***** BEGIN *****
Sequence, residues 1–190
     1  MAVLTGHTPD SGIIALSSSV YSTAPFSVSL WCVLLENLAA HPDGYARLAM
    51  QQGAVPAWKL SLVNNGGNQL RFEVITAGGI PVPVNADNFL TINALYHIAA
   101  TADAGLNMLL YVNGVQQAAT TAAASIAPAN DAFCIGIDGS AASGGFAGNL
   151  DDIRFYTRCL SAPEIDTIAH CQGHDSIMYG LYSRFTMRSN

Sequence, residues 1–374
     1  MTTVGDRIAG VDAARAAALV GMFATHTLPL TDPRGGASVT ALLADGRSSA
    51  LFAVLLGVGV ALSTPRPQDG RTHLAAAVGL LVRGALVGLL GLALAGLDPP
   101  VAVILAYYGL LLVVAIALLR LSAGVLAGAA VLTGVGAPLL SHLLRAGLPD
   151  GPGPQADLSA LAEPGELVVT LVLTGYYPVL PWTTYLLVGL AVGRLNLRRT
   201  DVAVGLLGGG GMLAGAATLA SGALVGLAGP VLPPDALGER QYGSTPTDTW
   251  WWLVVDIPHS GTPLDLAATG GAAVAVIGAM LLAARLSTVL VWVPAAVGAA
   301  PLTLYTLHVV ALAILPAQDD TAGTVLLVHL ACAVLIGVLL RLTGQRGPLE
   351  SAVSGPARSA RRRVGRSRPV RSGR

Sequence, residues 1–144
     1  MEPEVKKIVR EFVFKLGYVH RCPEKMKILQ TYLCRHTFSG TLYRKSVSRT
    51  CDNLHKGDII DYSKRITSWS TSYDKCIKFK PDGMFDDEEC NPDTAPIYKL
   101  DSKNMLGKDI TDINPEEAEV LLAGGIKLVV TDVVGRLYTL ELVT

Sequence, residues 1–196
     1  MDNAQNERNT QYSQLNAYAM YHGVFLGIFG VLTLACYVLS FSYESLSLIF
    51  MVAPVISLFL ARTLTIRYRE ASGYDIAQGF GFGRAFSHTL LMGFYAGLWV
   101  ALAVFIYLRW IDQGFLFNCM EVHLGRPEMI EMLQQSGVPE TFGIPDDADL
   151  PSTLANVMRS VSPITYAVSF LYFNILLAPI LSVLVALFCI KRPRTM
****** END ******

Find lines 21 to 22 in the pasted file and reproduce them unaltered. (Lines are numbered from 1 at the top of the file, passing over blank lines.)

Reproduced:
    51  MVAPVISLFL ARTLTIRYRE ASGYDIAQGF GFGRAFSHTL LMGFYAGLWV
   101  ALAVFIYLRW IDQGFLFNCM EVHLGRPEMI EMLQQSGVPE TFGIPDDADL